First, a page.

An expert is a man who has made all the mistakes which can be made in a very narrow field.
— Niels Bohr, Nobel Prize winning physicist
I was reading an article this morning about a bug discovered in Boeing's 787 software that will occur after 248 days of continuous operation. The moment I read "248 days", I let out a sigh – I have seen that number before.
Nearly every system I have worked on encountered a bug that occurred if the system was left on longer than a given period of time. In my case, the number was 248.551 days. It was caused when a 32-bit integer that was counting system running time in 100ths of a second overflowed. Figure 2 shows how you can calculate that number.
I read about this type of bug regularly. For example, during the Gulf War, the Patriot missile system had a bug that rendered it ineffective after 100 hours of continuous operation. While the details of this failure are different (24 bit integer, counting 10ths of seconds, failure actually caused by inaccurate type conversion), the outcome was system failure. An Arianne rocket also experienced a vehicle loss because of an integer overflow.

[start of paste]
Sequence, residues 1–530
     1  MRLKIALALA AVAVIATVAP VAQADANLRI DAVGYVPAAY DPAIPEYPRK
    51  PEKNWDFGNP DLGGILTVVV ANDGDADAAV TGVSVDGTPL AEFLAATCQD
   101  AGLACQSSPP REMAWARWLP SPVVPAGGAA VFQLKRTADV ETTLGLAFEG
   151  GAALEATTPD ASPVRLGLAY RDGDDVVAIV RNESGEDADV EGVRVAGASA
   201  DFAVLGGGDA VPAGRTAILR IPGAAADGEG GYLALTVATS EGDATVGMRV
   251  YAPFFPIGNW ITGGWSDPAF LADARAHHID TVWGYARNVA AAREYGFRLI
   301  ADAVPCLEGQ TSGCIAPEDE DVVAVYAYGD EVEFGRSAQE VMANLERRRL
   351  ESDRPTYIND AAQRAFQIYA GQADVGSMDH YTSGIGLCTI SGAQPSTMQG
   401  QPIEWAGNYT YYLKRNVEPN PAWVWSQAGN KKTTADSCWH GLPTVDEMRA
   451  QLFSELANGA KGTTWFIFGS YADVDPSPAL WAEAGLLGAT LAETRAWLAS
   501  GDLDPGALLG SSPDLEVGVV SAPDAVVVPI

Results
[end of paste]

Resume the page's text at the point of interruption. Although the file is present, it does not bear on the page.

Boeing is encountering problems that many other engineers have experienced. For example, like Boeing, I also have dealt with lithium battery issues (see this post). While engineers generally do not make the same mistakes over and over, there are enough differences between systems that previous lessons must be modified to apply them correctly to new situations. This is where the problems occur.
I remember reading years ago that NASA would have independent teams developing software that they would run on different computers and then they would have the computers vote on the correct answer. They soon found out that people writing software tend to make similar errors. The same is true for hardware engineers.